I cultivate Black film heritage through my research, writing, and curating, particularly in my cherished role as Director of the Black Film Center/Archive at Indiana University. My first book Josephine Baker’s Cinematic Prism examines an unexplored aspect of Baker’s career, deepening the ongoing conversation about race, gender, and performance in the African Diaspora.

Josephine Baker, the first black woman to star in a major motion picture, was both liberated and delightfully undignified, playfully vacillating between allure and colonialist stereotyping.

Nicknamed the “Black Venus,” “Black Pearl,” and “Creole Goddess,” Baker blended the sensual and the comedic when taking 1920s Europe by storm. Back home in the United States, Baker’s film career brought hope to the black press that a new cinema centered on black glamour would come to fruition. In Josephine Baker’s Cinematic Prism, I examine how Baker fashioned her celebrity through cinematic reflexivity, an authorial strategy in which she placed herself, her persona, and her character into visual dialogue.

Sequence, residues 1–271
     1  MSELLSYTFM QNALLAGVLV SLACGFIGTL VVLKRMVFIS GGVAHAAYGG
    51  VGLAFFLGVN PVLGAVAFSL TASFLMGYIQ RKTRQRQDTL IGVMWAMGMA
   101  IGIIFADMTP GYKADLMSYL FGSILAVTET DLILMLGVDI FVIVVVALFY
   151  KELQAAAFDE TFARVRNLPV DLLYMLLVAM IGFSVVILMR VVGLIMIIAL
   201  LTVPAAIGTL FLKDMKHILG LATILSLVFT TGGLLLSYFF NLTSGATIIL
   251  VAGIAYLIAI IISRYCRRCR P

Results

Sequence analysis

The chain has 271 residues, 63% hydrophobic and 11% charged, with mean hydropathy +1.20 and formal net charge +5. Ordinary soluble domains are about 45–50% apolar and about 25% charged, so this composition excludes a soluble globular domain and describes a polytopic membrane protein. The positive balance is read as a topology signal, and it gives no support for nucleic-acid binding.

I contend that though Baker was an African American actress who lived and worked in France exclusively with a white film company, white costars, white writers, and white directors, she holds monumental significance for African American cinema as the first truly global black woman film star. I reflect upon the double-talk between Baker and her characters in Le Pompier de Folies BergèreLa Sirène des TropiquesZou ZouPrincesse Tam Tam, and The French Way, whose narratives seem to undermine the very stardom they offered. In doing so, I illuminate the most resonant links between emergent African American cinephilia, the diverse opinions of Baker in the popular press, and African Americans’ broader aspirations for progress toward racial equality.

As a teacher, writer and curator, my work involves archival research, cultural history, and visual analysis, which I frame within the vicissitudes of power in performance and representation.

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Contact: francist@indiana.edu